The Washington Times' Steve Miller writes on the recent CBS-New York Times poll showing Nader at 7 percent. While the Nader camp stubbornly resists the poll's implications, it seems certain that it "is a continuation of a pattern of Mr. Nader dipping into the well of votes Mr. Kerry is expected to secure." LINK
In Salon, Joe Conason ponders the propriety of the Nader campaign sharing office space in D.C. with Citizen Works, non-profit group founded by Nader. Conason questions the legality of the arrangement given that federal law prohibits tax-exempt organizations from participating in campaigns. So is there a problem?
"If there's an arms-length transaction — meaning a payment process and a lease that actually exists — then perhaps it is legal. But whether it's legal or not legal, it looks questionable, particularly for a candidate and a group devoted to good government. It's questionable at best. You know, it's the old 'I Love Lucy' line: They've got some explaining to do." LINK
Meanwhile, Nader still faces the daunting task of getting on the ballot in states nationwide. He has said he plans to be on the ballot in all 50 states, a goal many see as onerous, but possible. He is focusing his efforts now on Texas, one of the most challenging states in the nation for independents, requiring 65,000 signatures gathered in a 60-day period that started on March 10, as well as North Carolina and Oklahoma.
ABC News Vote 2004: the House races:
The Hotline's Chuck Todd kicks off his biennial March Madness style look at the 64 hottest House races in the nation. Today's installment looks at the 16 top contests in the West. LINK
"Conventional wisdom says it's nearly impossible for the Republican Party to lose control of the House in 2004, thanks to the controversial redistricting in Texas that should net the GOP anywhere from four to six seats. That said, retirements have been trending in the wrong direction for Republicans, and the mood of the electorate isn't exactly ideal for incumbents in general."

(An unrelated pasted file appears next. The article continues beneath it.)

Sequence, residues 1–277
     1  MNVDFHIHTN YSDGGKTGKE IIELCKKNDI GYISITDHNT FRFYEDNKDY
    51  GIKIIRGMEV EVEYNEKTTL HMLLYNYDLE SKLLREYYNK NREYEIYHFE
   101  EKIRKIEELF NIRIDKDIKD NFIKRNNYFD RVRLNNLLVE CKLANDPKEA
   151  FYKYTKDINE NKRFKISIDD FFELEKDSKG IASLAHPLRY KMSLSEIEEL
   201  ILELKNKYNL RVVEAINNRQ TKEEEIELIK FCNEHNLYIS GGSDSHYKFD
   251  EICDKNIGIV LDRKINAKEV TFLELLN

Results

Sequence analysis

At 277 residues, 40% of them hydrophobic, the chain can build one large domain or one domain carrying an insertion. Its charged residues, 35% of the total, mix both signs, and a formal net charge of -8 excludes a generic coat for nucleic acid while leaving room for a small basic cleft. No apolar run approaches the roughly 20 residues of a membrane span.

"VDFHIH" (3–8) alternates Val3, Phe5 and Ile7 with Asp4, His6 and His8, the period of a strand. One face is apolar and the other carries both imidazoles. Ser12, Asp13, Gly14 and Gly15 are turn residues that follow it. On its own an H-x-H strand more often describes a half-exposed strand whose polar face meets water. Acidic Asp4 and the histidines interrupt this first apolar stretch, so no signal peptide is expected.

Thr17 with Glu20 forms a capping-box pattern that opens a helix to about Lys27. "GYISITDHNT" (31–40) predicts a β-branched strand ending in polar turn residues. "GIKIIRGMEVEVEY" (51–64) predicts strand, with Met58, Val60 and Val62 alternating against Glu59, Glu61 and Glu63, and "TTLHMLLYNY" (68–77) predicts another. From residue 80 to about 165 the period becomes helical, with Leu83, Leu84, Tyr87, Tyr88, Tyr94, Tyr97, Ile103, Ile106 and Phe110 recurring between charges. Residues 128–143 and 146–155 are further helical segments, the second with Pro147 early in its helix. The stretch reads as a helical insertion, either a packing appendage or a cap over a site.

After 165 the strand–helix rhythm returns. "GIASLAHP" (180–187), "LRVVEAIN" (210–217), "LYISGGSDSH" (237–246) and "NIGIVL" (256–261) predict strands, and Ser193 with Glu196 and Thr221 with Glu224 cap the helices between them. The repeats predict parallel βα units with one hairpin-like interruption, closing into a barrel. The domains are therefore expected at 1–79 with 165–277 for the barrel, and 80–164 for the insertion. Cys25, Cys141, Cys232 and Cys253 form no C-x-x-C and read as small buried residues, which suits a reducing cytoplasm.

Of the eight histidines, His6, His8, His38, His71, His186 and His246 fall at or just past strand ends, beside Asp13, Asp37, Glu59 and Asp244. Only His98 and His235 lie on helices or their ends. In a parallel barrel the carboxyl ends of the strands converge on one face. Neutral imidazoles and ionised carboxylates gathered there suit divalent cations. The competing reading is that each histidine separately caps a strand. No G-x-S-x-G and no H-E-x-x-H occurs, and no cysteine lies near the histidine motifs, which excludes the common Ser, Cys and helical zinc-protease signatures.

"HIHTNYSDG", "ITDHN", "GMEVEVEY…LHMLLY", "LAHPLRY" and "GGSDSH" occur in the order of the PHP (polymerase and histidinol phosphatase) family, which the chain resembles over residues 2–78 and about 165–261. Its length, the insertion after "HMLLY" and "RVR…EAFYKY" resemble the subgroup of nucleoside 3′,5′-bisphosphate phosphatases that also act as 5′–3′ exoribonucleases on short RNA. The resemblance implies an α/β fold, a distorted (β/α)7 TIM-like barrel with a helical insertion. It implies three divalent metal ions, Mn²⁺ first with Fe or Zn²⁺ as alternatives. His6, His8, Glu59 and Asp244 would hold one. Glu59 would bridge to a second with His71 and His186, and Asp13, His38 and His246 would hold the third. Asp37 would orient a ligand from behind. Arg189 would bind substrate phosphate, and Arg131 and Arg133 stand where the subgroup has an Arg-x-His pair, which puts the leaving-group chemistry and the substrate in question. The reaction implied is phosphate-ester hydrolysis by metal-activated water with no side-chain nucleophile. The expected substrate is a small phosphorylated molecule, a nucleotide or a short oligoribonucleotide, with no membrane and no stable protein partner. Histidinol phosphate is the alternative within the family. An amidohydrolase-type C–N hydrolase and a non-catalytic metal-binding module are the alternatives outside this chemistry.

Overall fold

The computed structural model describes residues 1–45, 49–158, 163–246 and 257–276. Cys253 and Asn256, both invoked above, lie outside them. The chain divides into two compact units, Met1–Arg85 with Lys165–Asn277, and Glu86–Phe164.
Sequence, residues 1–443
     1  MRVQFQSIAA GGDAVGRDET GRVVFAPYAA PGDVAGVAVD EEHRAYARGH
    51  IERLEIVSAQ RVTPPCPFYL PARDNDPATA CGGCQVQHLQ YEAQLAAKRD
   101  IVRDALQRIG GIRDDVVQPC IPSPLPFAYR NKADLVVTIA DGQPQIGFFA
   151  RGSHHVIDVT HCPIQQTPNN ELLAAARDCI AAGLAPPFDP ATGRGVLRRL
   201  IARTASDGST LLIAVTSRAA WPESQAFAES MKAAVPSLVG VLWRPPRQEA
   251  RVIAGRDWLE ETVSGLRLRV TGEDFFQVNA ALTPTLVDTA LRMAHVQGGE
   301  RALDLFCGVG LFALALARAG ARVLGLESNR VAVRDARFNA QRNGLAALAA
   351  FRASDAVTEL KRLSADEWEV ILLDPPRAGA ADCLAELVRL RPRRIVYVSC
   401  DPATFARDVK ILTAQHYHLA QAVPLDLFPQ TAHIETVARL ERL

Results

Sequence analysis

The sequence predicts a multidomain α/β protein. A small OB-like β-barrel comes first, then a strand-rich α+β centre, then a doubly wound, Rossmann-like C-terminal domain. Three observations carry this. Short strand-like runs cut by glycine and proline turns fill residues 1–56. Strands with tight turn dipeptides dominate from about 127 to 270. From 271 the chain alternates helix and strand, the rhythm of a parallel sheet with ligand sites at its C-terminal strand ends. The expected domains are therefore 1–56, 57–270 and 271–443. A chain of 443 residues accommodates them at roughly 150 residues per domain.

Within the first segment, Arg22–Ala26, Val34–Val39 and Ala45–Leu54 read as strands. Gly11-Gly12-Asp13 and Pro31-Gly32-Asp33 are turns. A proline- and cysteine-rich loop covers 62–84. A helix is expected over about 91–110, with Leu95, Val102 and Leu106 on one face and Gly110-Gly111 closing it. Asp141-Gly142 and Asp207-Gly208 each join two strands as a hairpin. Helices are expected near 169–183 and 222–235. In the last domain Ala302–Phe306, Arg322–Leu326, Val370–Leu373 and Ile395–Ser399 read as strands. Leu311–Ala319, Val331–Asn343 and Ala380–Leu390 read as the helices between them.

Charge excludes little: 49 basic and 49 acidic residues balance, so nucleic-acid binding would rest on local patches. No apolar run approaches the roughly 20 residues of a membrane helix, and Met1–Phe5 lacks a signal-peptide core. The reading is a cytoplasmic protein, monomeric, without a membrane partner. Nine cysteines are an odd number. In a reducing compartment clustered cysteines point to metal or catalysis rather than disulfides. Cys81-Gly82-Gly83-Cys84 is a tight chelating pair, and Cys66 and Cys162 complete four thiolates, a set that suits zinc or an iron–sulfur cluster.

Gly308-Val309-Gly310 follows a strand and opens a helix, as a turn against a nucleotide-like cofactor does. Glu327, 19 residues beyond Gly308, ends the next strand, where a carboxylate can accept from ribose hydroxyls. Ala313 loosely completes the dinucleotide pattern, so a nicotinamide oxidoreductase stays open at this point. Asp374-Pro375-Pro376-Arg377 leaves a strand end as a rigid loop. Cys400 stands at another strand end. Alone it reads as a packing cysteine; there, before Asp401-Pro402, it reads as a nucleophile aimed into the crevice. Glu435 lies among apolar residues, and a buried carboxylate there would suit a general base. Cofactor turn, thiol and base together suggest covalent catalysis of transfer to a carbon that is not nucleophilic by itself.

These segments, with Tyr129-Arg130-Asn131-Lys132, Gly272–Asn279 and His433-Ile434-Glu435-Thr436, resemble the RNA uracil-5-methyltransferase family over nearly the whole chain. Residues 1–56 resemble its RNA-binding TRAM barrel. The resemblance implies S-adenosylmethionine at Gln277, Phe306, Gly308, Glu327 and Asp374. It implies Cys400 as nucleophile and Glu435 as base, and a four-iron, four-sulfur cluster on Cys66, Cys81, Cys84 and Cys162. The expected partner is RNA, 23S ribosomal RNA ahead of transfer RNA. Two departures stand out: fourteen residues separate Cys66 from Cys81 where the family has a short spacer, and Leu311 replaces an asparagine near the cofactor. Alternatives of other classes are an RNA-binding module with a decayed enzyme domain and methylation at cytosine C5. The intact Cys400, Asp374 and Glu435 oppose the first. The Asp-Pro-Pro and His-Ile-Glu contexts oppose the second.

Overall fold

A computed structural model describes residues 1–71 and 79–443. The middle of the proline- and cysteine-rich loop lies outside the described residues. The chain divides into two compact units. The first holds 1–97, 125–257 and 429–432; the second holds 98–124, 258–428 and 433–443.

ABC News Vote 2004: the Senate races:
Linda Rush at the Southern Illinoisan reports that turnout at the primary varied from "fairly high" to "light" by county. Contested local races and ballot initiatives are seen as having contributed and 3-1 Democratic turnout through the southern part of Illinois.LINK
David Mendell of the Chicago Tribune reports on the landslide victory Barack Obama claimed in the Democratic nomination for U.S. Senate in the state, where he beat out six eclectic competitors for the for the nomination. LINK
John Chase and Liam Ford of the Tribune report on Jack Ryan's victory in the Republican wing of the Senate race, where he stole the show as a political newcomer. LINK
The Tribune's John Chase and David Mendell offer a comparison for readers of the two elected nominees for Senate, Noting that after you count their Harvard educations, charisma, and good looks, the similarities end. LINK
The Hill reports that Rep. Mark Udall's chief of staff "Alan Salazar blamed much of the tumultuous, behind-the-scenes jousting — and Democrats' near-failure to settle on a consensus candidate in a Republican-friendly state — on the campaign committee." LINK
"'I don't want to disparage the political skills of the DSCC, but I really believe they were about 72 to 100 hours behind what was going on on the ground in Colorado,' Salazar said."